Polish RAF Airmen


No comments posted yet


Slide 1

1940 - 1943 ♫ Turn on Speakers PowerPoint Show by Victor

Slide 2

When Germany and the Soviet Union invaded Poland at the outbreak of World War II, the Polish air force was quickly defeated. Many pilots escaped to France and Britain, eventually forming a force of over 8,000 airmen in Britain, which they called Wyspa Ostatniej Nadziei — "The Island of the Last Hope."

Slide 3

1940 The flags of Poland and the British RAF are raised at a base in Britain.

Slide 4

1940 - A Polish pilot is interviewed by an intelligence officer after a sortie for reconnaissance information.

Slide 5

April 27, 1940 - A RAF Polish airman writes out notices in Polish.

Slide 6

Aug. 16, 1940 - Two Polish pilots stationed with the RAF pose during the Battle of Britain.

Slide 7

The Polish airmen quickly gained a reputation for being fearless to the point of recklessness.  Flying Officer Ludwik Paszkiewicz was on a training exercise when he spotted an enemy plane at his altitude. He veered off and engaged the plane, downing it. For this he earned both a reprimand for breaking formation and congratulations on the squadron's first victory.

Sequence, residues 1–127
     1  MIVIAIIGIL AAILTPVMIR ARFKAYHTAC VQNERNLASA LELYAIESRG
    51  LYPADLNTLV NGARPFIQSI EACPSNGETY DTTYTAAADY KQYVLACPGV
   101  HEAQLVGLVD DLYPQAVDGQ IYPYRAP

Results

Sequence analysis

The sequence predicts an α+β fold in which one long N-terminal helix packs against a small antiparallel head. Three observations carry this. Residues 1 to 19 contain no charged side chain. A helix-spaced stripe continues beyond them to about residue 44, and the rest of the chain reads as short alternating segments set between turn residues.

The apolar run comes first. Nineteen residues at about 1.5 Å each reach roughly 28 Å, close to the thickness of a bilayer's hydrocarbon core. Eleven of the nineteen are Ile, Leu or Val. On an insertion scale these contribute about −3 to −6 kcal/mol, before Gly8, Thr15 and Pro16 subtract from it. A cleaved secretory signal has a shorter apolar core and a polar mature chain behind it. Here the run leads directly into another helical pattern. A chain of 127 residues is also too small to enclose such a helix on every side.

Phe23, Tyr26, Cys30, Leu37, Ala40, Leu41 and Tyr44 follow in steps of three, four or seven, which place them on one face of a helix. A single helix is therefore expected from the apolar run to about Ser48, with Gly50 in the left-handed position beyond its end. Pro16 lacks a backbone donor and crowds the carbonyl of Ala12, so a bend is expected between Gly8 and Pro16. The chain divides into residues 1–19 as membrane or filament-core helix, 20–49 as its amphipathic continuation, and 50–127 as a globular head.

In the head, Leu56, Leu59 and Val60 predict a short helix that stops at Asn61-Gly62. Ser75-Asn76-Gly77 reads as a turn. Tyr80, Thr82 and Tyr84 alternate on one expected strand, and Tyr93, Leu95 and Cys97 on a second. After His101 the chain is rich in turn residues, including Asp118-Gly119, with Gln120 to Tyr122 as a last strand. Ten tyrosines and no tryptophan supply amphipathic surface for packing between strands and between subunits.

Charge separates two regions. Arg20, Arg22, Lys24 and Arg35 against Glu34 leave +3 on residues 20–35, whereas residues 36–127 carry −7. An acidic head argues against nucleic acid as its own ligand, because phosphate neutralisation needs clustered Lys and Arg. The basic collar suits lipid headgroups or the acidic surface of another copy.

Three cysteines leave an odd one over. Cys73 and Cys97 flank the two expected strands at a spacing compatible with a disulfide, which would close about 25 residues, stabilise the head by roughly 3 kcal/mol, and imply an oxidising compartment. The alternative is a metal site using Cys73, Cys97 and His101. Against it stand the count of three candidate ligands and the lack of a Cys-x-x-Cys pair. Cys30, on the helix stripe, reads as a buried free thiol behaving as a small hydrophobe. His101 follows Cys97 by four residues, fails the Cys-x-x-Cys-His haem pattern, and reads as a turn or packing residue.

Slide 8

October 1940 - A group of pilots of the No. 303 Polish Fighter Squadron RAF.

Slide 9

October 1940 - A group of pilots of the No. 303 Polish Fighter Squadron RAF after a fighter sortie.

Slide 10

Nov. 4, 1940 - A group of Polish Royal Air Force navigators are briefed before a mission.

Slide 11

Dec. 20, 1940 - A group of Polish pilots balance on the wing of a Wellington bomber to watch aircraft take off from a British RAF base.

Slide 12

Dec. 20, 1940 - Polish airmen review a map in front of an Anson bomber during training at an RAF base.

Slide 13

Dec. 20, 1940 - Polish airmen receive training at an RAF station.

Slide 14

1941 - Three Polish fighter pilots who received decorations from the Polish premier in exile General Sikorski for their services to a Polish wing of the RAF.

Slide 15

1941 - Polish airmen with dogs at an RAF base.

Slide 16

April 7, 1943 - American-born Poles who served with the RAF are transferred to the United States Army Air Force at a ceremony at the United States Army recruiting office in London.

Slide 17

Nov. 17, 1943 - Air Vice-Marshal H.W.L. Saunders decorates Wing-Commander Gabszeqicz with the Distinguished Service Order.

Slide 18

1943 - Polish flying ace Jan Zumbach, left, of the 303 Kosciuszko Polish Fighter Squadron poses with his Supermarine Spitfire. The plane bears his distinctive Donald Duck symbol. With him are Wing Commander Stefan Witorzenc (center) and Flight Lieutenant Zygmunt Bienkowski (right).

Summary: ww2

More by this User
Most Viewed